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Will My Family Have To Go To Court When I Die?

Probate court law California
News & Blog May 23, 2023

Many people fear court interaction, which is a justified fear in my opinion as a 20 year attorney. To make matters worse, a great number of people have grave misconceptions about how to stay out of probate in the State of California. One of the most common errors people make is thinking a “Last Will and Testament” will avoid a court process at death. It will not. Here are some other common errors that people make that may cause their family to have to probate their assets when they die, which is a court supervised process of distributing assets.


A trust can be invalidated for many reasons, including lack of execution, missing pages or hand-written changes. The court will make all attempts to honor a document, but it is not a guarantee.

Allowing the document to stand even when it does not meet all of the legal requirements of a properly executed trust depends on several factors that the court will weigh before deciding whether to allow the document to be followed. If there are only minor changes or annotations that do not alter the substance of the trust, then it may still be considered valid so long as the court believes that is the intention of the person who executed the trust. However, if you made substantial changes or alterations that cloud the testator’s intention then it may be deemed invalid.

It’s important to note that any changes to a living trust should be made with the guidance of a qualified estate planning attorney to ensure that they are made properly and in compliance with applicable laws. If you have any doubts about the validity of your living trust, you should consult with an attorney who can review the document and advise you on your legal options.


In the state of California, If the Decedent’s “probate property” has an aggregate fair market value of less than $184,500 (in 2023)you may be able to use a simplified probate process called “small estate administration” instead of a full probate. However, if the value of your assets exceeds this threshold, you may need to go through the full probate process.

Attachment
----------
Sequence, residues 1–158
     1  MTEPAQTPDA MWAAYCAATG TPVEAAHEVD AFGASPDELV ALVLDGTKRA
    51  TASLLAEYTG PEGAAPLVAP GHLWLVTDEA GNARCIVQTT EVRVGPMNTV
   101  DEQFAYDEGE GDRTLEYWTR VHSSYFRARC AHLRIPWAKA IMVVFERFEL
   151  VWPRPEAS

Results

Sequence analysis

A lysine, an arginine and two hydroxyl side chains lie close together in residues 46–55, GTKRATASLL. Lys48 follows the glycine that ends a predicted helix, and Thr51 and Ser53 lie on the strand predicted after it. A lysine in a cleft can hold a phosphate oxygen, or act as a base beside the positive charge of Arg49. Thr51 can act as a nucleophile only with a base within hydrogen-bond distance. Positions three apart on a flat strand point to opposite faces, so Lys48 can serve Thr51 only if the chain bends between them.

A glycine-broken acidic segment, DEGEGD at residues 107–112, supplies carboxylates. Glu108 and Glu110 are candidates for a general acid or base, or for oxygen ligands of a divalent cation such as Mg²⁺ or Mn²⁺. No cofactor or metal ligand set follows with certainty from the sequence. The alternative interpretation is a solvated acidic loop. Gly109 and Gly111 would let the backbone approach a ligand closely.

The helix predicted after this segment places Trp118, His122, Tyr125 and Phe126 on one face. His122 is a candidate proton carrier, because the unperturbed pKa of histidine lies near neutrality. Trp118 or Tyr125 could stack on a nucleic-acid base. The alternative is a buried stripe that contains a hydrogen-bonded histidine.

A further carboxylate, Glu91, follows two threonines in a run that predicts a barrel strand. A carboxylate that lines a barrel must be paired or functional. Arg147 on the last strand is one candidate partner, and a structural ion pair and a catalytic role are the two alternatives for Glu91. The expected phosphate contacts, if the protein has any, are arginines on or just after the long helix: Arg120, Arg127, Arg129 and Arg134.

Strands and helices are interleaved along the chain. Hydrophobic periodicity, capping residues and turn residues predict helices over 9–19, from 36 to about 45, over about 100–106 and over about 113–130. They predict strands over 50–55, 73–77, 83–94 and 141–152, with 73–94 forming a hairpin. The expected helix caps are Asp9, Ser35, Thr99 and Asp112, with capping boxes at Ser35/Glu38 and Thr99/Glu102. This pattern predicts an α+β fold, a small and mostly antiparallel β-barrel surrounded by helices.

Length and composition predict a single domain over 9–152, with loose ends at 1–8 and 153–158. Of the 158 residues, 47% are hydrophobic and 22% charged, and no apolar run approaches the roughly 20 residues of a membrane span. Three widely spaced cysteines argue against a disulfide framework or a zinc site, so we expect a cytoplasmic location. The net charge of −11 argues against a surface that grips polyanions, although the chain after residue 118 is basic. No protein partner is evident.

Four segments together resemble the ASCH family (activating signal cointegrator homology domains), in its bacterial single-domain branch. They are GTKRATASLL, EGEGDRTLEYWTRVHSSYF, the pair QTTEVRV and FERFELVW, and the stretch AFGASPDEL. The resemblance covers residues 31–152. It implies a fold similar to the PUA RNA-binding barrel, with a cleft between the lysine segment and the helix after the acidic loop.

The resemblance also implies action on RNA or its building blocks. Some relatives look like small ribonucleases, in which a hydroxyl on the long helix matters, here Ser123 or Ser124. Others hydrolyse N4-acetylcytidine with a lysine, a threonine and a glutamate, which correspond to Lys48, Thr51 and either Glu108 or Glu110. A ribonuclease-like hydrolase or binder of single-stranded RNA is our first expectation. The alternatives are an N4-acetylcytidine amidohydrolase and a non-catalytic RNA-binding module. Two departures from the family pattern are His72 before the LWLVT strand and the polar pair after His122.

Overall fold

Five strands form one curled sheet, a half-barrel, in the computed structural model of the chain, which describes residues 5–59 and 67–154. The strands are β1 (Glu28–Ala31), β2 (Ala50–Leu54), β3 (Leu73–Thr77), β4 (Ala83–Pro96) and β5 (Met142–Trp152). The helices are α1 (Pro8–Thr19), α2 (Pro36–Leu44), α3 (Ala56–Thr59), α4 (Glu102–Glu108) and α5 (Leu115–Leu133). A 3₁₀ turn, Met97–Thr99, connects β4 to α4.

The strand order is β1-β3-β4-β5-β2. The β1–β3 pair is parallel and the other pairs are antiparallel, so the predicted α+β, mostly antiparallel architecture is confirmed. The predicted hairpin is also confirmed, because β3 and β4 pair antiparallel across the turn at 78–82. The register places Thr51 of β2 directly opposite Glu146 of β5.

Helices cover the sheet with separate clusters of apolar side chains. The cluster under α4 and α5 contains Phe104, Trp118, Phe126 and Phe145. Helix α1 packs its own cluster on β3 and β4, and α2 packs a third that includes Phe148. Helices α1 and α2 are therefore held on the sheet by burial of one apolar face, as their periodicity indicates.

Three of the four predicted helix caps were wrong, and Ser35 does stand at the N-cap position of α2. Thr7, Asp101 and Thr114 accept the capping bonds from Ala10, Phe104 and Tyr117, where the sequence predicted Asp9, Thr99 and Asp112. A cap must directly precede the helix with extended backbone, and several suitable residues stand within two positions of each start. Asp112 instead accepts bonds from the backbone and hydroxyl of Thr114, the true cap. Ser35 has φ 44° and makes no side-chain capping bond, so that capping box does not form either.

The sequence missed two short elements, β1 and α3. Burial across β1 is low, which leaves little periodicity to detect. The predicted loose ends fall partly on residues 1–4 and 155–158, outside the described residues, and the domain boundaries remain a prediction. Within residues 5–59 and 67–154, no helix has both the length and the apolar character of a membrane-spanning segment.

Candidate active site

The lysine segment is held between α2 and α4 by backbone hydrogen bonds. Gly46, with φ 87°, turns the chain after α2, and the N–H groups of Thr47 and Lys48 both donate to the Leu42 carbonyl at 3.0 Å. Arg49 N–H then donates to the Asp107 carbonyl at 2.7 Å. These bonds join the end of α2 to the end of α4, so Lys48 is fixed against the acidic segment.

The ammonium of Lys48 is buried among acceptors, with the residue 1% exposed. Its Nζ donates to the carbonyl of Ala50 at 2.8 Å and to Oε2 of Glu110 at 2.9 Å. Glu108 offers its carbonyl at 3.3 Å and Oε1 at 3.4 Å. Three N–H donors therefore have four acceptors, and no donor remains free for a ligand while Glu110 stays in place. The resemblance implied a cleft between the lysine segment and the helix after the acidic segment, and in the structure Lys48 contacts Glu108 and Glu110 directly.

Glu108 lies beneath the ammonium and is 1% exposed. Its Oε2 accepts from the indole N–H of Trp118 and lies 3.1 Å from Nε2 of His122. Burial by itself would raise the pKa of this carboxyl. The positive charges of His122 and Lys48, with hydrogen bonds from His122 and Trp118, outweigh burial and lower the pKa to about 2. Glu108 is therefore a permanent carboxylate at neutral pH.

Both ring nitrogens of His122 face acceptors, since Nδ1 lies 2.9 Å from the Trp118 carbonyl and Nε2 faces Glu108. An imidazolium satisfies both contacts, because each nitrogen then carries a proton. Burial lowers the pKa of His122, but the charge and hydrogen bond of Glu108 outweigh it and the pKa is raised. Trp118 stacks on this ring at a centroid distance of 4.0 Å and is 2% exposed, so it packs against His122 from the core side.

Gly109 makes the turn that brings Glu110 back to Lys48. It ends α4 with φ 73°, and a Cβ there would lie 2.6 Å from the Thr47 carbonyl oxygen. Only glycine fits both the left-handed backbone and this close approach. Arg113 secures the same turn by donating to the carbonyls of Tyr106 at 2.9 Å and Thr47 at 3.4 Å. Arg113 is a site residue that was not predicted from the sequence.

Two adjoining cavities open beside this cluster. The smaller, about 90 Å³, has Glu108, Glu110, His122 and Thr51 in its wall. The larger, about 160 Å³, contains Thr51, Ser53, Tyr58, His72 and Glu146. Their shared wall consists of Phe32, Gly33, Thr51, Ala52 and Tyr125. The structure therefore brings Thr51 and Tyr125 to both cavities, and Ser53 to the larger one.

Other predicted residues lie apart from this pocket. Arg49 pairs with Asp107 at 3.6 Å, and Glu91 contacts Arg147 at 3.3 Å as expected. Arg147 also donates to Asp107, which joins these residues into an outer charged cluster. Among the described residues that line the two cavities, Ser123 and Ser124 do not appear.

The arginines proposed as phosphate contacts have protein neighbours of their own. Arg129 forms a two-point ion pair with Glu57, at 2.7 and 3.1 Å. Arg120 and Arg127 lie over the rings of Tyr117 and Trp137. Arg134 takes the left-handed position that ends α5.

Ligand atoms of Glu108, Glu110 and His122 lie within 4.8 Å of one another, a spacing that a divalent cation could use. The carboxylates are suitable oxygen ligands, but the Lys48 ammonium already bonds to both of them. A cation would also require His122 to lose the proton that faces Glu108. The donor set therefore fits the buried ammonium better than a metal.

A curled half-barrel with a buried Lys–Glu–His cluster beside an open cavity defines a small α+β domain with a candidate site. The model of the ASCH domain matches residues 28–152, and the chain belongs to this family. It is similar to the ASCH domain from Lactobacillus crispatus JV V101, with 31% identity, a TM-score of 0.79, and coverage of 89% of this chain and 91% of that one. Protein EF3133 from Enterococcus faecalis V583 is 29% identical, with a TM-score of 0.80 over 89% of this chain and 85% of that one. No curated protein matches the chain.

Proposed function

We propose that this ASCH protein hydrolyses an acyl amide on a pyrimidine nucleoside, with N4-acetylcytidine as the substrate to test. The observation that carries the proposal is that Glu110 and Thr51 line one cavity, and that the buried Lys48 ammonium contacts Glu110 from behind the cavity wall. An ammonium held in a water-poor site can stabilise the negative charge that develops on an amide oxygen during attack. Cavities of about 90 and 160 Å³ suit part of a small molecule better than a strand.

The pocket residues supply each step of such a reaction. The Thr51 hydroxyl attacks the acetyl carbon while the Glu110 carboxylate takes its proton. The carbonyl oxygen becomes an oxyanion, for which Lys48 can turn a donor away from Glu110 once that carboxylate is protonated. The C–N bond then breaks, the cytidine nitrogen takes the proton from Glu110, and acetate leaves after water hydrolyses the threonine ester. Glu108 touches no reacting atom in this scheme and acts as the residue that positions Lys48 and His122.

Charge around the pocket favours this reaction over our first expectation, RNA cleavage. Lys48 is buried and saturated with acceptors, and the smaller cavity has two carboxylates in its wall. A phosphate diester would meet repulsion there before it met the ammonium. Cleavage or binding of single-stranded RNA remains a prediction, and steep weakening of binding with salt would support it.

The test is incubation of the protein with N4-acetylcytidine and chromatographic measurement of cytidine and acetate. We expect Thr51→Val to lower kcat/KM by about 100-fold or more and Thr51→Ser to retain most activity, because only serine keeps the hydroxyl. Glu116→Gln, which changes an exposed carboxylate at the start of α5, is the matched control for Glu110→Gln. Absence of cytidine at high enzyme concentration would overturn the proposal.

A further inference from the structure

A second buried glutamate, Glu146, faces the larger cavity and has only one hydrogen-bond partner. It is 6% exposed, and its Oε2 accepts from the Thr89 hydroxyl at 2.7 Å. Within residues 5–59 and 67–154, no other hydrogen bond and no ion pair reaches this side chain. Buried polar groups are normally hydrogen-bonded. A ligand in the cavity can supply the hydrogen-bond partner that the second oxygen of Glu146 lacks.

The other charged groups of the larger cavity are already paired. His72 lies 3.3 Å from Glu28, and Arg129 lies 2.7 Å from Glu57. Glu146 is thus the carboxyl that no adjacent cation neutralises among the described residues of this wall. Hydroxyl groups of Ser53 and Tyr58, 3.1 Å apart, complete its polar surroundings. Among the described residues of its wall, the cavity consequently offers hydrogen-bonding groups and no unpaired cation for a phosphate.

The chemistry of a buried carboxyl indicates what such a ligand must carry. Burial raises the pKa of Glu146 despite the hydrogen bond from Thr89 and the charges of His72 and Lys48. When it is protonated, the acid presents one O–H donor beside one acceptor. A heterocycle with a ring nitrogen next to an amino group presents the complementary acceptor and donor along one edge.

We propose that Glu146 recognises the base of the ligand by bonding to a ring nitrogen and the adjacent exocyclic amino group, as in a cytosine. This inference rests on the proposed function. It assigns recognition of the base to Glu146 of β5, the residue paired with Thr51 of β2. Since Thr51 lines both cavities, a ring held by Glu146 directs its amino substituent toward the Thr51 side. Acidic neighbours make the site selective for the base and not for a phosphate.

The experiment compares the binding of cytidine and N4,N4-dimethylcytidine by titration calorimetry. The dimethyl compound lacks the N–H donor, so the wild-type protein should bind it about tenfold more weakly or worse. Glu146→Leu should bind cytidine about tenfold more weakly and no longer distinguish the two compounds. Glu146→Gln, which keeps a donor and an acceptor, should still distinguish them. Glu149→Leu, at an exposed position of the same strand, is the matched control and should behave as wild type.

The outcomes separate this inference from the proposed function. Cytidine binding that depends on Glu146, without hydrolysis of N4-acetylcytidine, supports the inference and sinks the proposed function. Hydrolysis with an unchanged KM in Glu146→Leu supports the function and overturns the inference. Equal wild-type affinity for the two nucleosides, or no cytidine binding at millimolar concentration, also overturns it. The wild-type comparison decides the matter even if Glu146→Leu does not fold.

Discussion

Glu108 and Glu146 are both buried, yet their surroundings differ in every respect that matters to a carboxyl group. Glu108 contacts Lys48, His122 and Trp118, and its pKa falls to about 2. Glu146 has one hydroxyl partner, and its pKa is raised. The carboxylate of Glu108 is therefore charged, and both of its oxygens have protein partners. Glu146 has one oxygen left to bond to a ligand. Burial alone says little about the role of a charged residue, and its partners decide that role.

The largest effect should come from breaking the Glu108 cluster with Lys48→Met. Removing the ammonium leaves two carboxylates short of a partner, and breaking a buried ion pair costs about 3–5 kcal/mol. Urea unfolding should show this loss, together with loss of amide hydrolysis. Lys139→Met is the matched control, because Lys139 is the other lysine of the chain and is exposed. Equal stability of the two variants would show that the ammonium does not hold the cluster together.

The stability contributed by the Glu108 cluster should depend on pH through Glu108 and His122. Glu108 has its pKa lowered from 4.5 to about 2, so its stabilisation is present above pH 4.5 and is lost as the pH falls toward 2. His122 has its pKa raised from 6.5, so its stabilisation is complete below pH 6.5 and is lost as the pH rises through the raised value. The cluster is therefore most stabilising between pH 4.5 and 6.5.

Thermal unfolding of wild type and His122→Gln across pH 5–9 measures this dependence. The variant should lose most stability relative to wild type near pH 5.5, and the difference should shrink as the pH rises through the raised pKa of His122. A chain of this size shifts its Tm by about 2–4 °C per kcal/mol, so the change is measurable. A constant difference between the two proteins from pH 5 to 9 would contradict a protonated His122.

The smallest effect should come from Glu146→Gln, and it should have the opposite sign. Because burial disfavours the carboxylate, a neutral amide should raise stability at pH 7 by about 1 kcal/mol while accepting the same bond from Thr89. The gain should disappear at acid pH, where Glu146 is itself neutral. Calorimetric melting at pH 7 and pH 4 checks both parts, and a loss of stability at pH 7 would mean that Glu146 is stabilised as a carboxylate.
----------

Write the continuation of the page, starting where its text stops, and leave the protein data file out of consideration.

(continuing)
It’s important to note that the value of your assets subject to probate includes only those assets that are owned solely in your name, and does not include assets that are held in a living trust, have designated beneficiaries, or are owned jointly with another person.

If you are unsure whether your assets will need to go through probate, you should consult with a qualified estate planning attorney who can review your specific situation and advise you on your legal options.

Please note that this value threshold does not apply to people who own real estate in California.


While that may be true, a probate will still be required generally speaking. But, it is not necessarily true under the California Probate Code.

Ca Probate Code §6401 outlines a different division of assets between spouses and children depending on whether assets are deemed community property or separate property and also whether someone has some, one or more than one child. It is very confusing and difficult for a lay person to determine, which is exactly why it is best not to leave things to chance and outline your desires before you pass away.

Preferably a trust should be drawn up but at a minimum a Will can outline how you want to leave your assets behind.


There are several ways to avoid probate, including:
1.Create a living trust: A living trust is a legal document that allows you to transfer ownership of your assets to a trustee during your lifetime. When you pass away, your assets can be distributed to your beneficiaries without going through probate.